Words from the Wardrobe
A horse in the feria de Seville

The origin of ferias in Spain

It’s hot in Spain, so I want to talk about some lighter stuff.

Today I’ll tell you about the history of ferias in Spain. 

Besides one-day traditions like the night of San Juan, Spain is a fiesta from May to October.

Known by various names, such as ferias, fiestas patronales or fiestas mayores, they are synonymous with joy, reunions, and tradition.

For several days, the bars and restaurants work almost non-stop, and the decorated city streets are a hive of people and good vibes. 

But it wasn’t always like this. 

Let’s look back at history.

Alicia drinking a beer in the feria in Torremolinos
This is me in the feria in Torremolinos some years ago 😀

The origin of ferias

Ferias often revolve around the city’s patron saint, such as the Sanfermines in Pamplona, San Isidro in Madrid, La Mercè in Barcelona or El Carmen in many of the coastal towns in Spain.

This saintly origin (like most traditions in Spain) is accompanied (and sometimes preceded) by another event: the livestock fairs, very typical of medieval times.

The Córdoba fair, also known as the fair of Nuestra Señora de la Salud (Our Lady of Good Health), is a good example.

In 1285, King Sancho IV granted the city of Córdoba the royal privilege to host two annual livestock fairs, one of them around May.

Livestock farmers and traders from surrounding villages would come to sell their products, both foodstuffs and handicrafts, at these fairs.

Over time, the merchants’ stalls became fixed structures, known as casetas-tienda, which might be the origin of the well-known casetas of the Andalusian fairs.

Four centuries later, in 1665, two peasants found the image of a small virgin in a well. 

A few days after the discovery, a rumour spreads that the water from the well is miraculous and cures the sick and brings health. A pilgrimage of sick people began to take the water to cure their ailments.

And in honour of Our Lady of Good Health, a small chapel was built near the well.

When the hermitage finished, the city celebrated Our Lady of Good Health every May, at the same time as the livestock fair, which had been going on since medieval times.

And to this day. 

The Córdoba fair is the last event of what is known as the Cordoban May

A succession of festivities starts with the Cruces de mayo, continues with the concurso de patios and culminates with the feria.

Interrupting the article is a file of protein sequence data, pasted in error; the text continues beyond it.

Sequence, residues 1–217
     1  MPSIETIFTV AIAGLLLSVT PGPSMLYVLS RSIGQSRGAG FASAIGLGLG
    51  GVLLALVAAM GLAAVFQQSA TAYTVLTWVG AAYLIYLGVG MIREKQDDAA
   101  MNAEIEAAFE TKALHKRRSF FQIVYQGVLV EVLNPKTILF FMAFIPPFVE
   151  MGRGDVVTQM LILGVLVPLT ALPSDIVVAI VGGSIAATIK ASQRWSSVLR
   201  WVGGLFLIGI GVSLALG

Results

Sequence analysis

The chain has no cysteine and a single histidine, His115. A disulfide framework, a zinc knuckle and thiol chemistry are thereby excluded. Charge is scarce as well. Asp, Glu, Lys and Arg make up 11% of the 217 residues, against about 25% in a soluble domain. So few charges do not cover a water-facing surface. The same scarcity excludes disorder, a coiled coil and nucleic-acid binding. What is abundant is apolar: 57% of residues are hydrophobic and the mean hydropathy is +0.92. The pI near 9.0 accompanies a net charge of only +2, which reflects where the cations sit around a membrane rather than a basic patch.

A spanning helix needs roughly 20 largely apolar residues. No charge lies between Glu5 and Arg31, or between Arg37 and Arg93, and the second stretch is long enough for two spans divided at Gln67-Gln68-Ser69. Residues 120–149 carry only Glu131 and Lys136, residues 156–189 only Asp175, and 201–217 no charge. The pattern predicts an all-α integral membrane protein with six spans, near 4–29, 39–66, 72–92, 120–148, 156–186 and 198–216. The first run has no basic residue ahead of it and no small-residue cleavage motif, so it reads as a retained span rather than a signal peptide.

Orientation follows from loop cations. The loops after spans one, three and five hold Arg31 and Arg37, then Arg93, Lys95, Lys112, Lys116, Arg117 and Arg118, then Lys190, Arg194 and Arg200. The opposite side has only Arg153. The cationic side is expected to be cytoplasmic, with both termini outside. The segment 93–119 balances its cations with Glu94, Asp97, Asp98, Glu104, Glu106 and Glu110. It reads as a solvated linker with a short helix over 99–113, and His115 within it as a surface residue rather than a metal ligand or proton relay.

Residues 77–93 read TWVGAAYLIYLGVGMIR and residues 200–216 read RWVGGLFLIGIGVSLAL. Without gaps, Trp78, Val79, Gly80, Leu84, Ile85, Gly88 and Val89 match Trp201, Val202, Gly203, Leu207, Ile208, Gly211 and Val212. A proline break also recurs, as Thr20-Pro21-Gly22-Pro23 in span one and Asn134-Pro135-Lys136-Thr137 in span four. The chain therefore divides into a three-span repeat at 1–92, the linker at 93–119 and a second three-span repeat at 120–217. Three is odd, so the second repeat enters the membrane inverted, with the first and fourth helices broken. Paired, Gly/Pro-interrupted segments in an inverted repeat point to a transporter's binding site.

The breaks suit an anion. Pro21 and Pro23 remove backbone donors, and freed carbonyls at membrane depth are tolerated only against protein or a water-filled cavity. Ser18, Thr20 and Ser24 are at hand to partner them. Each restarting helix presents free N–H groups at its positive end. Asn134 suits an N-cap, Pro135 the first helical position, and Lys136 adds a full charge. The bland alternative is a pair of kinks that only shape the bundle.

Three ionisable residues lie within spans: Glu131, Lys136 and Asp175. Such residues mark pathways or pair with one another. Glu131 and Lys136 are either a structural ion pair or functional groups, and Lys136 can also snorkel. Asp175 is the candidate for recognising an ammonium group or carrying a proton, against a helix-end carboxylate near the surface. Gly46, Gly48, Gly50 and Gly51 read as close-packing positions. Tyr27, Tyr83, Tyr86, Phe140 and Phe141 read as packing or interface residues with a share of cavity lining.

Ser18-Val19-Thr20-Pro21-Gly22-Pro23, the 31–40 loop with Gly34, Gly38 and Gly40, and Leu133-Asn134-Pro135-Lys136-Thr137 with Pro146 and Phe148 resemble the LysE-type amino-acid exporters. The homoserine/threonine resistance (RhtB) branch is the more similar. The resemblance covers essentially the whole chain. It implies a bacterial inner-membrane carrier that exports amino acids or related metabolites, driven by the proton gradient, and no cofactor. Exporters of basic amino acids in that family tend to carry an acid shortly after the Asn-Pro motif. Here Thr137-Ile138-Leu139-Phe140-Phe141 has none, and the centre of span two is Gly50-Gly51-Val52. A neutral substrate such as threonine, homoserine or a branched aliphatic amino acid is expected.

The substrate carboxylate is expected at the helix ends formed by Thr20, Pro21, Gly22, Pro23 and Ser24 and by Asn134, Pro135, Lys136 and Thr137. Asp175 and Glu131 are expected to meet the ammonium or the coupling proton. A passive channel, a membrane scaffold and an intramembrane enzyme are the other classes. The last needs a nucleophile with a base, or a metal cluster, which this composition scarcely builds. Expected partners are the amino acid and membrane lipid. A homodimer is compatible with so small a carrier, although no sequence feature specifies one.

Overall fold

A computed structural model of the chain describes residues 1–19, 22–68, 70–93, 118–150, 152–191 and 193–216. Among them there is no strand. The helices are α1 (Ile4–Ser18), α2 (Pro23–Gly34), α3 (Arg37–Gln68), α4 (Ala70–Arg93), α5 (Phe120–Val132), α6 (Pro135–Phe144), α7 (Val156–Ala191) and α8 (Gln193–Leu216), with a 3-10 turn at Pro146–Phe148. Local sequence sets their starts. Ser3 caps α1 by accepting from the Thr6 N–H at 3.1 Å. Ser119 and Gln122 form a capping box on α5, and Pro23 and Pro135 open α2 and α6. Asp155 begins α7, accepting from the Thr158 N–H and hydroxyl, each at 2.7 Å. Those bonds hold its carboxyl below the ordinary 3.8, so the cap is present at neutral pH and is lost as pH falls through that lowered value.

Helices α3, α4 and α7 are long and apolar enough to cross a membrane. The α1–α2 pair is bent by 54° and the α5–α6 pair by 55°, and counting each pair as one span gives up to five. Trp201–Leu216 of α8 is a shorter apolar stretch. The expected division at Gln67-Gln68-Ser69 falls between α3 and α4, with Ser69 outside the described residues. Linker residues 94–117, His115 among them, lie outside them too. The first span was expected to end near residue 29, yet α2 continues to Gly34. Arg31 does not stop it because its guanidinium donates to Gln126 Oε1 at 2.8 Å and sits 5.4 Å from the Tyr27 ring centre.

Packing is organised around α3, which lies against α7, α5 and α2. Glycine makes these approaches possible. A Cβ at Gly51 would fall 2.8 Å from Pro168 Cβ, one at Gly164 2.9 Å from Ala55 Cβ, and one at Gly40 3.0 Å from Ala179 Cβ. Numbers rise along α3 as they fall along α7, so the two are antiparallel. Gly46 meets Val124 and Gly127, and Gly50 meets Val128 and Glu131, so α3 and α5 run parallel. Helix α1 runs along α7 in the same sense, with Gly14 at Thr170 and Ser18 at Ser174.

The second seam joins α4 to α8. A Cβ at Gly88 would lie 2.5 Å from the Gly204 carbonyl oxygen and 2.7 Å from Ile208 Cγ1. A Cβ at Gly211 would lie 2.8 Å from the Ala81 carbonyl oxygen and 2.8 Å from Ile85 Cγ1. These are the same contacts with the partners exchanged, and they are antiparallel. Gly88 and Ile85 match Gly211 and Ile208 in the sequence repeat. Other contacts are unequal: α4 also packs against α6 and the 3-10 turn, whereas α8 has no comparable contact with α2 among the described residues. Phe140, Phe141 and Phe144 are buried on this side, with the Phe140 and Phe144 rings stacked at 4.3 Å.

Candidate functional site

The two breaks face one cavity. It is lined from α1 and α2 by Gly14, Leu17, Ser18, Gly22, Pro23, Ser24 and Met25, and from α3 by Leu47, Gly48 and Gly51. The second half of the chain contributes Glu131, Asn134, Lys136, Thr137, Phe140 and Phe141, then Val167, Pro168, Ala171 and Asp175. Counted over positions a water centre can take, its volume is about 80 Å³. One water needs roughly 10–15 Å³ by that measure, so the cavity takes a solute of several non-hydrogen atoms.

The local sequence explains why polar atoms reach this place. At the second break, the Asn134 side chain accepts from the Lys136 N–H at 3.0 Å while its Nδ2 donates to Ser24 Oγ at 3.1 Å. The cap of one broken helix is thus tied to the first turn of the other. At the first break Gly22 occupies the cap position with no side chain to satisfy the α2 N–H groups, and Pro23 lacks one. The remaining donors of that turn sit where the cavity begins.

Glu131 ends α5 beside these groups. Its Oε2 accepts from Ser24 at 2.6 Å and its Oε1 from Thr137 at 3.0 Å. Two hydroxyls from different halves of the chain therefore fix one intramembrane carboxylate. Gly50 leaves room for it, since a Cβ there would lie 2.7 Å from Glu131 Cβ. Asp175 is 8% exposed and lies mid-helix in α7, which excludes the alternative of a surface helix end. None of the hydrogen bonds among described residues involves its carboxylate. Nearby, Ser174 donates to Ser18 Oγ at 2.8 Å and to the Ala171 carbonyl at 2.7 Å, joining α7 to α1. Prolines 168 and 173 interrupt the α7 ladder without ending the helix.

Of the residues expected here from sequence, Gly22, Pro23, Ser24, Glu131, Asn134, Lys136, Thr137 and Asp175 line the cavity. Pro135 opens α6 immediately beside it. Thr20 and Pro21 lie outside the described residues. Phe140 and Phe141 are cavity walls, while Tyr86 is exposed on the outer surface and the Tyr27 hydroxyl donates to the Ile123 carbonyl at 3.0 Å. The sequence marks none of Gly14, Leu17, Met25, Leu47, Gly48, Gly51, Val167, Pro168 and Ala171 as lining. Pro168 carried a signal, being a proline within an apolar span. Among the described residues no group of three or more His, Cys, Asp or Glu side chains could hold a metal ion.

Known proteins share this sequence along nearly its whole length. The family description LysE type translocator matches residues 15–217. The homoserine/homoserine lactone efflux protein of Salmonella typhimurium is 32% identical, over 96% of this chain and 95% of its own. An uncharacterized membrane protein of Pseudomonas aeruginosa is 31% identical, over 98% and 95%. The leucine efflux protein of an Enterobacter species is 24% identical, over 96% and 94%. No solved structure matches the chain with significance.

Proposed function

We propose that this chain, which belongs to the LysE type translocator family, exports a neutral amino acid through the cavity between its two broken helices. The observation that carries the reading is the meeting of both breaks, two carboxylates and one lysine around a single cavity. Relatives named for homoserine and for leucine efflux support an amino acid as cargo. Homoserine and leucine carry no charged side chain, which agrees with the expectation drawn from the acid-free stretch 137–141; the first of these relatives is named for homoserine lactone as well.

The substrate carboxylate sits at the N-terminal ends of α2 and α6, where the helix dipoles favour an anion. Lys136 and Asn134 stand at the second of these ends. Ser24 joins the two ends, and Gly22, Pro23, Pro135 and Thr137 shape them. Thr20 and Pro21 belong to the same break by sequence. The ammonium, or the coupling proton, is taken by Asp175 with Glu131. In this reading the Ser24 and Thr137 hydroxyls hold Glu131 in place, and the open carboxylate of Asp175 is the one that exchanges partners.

The Málaga fair, a historic event

The origin of the Málaga fair has nothing to do with livestock fairs.

Its origin is the conquest of Málaga by the Catholic Monarchs.

The year 1482 marks the beginning of the military campaigns led by the Catholic Monarchs to put an end to the Muslim presence on the Iberian Peninsula.

At that time, Málaga was still part of the Muslim kingdom of Al-Andalus and was one of the most important capitals, thanks to its port.

But the capture of Málaga was not an easy conquest. 

It required several attacks by the Christian troops over five months until the surrender of the Muslims on the 13th of August.

On the 19th of May 1487, the Catholic Monarchs entered the city, which they offered to the Virgin of Victory.

This event was commemorated in Málaga in 1491, with dates varying between the 15th and 19th of August.

Decorations in the Larios street during the feria de Málaga
Decorations in the Larios street during the feria de Málaga

A feria is much more than eating and drinking.

At the ferias, you eat and drink. A lot. Perhaps too much.

But this is not the only thing we do in such an event.

The commercial origins of ferias still survive today, so many companies also use the feria as an opportunity to meet with their customers and suppliers in a much more relaxed atmosphere.

They are also a perfect excuse to organise networking events, such as those AJE Málaga, the Young Entrepreneurs Association of Malaga has sometimes organised.

As well as business, the feria is an event that brings families together, from near and far.

So, if you’re in Spain this summer, visit one of its ferias, fiestas patronales or mayores

I can assure you that you’ll have a great time! 

And remember: when In Rome… 😉

See you for the next post!

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